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Hagel vows to address Okinawa base concerns

Kyodo

U.S. Defense Secretary-designate Chuck Hagel pledged Thursday to make efforts to ease the burden on Okinawa from hosting the bulk of U.S. military bases in Japan, while promoting President Barack Obama’s goal of rebalancing the U.S. military toward the Asia-Pacific region.

In a written statement submitted to a hearing of the Senate Arms Services Committee, Hagel, a 66-year-old moderate Republican, also said Washington will work with its allies to deter North Korea’s provocations.

On the Asia-Pacific region, Hagel said in the written testimony, “If confirmed, I would support the administration’s effort to work toward a posture that is more geographically distributed, for example the movement of forces to Guam and Australia.”

Noting that such a movement needs to be “politically sustainable,” the former senator from Nebraska said, “We must work with our partners and allies to address their concerns about U.S. presence, such as in Okinawa.”

The issue of the stalled relocation of U.S. Marine Corps Air Station Futenma in Okinawa symbolizes the frustration of residents who live near U.S. military facilities in the prefecture.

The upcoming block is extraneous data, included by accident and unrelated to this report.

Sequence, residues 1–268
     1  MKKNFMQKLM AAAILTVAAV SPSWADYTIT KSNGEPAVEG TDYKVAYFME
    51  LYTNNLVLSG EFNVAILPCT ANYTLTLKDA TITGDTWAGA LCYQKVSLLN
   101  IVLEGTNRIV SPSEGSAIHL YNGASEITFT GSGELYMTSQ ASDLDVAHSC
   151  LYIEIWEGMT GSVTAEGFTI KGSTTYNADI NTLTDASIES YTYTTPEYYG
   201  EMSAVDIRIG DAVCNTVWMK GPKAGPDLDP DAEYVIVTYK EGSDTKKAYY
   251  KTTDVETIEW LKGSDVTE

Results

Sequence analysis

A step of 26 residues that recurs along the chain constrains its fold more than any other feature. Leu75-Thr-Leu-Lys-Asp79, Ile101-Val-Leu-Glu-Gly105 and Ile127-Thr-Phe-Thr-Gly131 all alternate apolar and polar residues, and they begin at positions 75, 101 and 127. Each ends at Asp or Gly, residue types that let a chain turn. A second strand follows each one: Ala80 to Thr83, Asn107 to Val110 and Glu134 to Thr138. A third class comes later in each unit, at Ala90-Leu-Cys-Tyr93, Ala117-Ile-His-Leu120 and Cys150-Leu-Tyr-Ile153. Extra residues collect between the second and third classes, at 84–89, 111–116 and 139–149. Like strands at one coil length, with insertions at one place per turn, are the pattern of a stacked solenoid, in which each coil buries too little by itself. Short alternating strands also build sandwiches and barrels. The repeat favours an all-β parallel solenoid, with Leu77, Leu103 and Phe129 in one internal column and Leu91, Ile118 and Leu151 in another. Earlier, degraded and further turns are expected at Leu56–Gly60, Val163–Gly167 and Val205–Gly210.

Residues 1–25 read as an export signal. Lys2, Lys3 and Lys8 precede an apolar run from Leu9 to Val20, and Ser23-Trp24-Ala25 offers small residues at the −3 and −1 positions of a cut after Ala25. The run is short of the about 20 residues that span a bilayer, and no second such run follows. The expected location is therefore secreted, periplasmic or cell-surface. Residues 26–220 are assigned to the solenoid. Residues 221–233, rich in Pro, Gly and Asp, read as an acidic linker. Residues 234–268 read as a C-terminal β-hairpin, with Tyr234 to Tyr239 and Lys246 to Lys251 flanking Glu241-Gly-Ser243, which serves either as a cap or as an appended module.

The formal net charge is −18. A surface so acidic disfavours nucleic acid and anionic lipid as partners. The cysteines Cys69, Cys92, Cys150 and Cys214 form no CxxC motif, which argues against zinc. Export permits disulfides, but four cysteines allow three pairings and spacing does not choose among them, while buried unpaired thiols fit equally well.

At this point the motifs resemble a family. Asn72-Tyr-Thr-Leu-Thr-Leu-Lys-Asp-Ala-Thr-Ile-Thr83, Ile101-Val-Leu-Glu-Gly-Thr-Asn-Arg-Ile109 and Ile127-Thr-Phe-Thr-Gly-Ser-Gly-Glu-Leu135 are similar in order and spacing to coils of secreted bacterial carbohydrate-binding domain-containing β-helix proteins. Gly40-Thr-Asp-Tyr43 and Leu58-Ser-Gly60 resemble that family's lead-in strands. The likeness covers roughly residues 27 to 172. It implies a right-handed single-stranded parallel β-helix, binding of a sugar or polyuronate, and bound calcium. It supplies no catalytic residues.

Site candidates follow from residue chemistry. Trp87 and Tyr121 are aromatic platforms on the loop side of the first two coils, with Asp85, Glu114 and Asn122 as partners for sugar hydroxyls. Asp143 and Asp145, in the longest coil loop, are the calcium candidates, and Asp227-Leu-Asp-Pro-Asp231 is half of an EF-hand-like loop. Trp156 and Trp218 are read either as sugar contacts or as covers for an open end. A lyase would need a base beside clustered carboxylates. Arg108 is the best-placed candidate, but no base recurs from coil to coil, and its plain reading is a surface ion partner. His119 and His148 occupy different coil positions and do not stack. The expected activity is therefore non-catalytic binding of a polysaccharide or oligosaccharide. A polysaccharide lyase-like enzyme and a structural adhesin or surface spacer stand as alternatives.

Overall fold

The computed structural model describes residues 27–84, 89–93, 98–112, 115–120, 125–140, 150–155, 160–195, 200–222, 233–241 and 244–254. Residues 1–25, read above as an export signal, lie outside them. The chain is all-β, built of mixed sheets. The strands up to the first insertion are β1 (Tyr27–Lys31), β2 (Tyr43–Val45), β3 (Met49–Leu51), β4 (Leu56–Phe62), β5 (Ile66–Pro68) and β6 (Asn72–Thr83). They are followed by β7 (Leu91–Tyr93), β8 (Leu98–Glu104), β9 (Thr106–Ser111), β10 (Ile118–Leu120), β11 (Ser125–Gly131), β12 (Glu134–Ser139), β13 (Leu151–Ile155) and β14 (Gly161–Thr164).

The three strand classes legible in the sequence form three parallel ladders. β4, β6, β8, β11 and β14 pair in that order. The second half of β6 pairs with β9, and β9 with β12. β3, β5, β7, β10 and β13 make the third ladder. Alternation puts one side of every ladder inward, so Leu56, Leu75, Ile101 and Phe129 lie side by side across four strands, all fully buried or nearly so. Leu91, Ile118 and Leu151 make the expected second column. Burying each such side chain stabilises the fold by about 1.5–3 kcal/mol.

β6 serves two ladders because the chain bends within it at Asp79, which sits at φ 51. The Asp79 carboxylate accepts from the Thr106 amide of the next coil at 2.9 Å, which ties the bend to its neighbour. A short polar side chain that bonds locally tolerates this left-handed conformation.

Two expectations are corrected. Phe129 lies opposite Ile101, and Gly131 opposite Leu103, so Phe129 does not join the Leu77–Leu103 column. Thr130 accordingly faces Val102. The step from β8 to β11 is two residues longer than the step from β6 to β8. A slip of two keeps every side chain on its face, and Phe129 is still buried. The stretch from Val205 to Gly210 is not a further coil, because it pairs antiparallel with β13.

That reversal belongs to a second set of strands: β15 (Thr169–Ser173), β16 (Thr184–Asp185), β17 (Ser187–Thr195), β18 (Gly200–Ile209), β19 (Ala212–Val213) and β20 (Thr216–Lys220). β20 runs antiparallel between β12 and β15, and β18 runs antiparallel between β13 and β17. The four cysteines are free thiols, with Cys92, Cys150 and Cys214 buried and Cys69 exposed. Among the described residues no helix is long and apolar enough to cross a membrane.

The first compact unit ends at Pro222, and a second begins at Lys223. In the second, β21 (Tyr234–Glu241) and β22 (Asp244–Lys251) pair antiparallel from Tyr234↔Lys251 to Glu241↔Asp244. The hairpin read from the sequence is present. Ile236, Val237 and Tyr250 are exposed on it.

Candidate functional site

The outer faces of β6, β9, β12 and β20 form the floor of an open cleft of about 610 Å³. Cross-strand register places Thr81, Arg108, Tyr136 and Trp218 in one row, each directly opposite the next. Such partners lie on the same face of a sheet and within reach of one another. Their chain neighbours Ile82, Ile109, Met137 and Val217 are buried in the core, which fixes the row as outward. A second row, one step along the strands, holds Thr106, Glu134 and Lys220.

With regard to North Korea, Hagel said in the written testimony, “I am concerned about North Korea’s weapons of mass destruction and ballistic missile programs because they present an immediate threat to our allies and partners as well as (a) growing threat to the United States.”

If confirmed, Hagel said he would ensure that the Defense Department, along with other U.S. government agencies, take the necessary steps to defend the U.S. and its allies and enhance engagement with those allies to ensure deterrence against, and, if necessary, defeat of North Korean aggression.

He also said in his opening remarks at the hearing, “We are in the process of modernizing our defense posture across the entire region to defend and deepen our partnership with traditional allies, especially Japan, South Korea and Australia, to continue to deter and defend against provocations from states like North Korea.”